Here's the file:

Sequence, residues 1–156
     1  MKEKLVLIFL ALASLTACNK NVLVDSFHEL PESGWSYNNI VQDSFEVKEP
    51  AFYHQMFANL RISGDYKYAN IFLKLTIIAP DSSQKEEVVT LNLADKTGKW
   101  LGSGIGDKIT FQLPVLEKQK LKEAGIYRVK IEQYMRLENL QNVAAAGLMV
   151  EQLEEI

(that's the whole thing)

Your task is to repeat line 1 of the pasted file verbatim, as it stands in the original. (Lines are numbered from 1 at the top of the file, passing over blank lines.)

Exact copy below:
Sequence, residues 1–156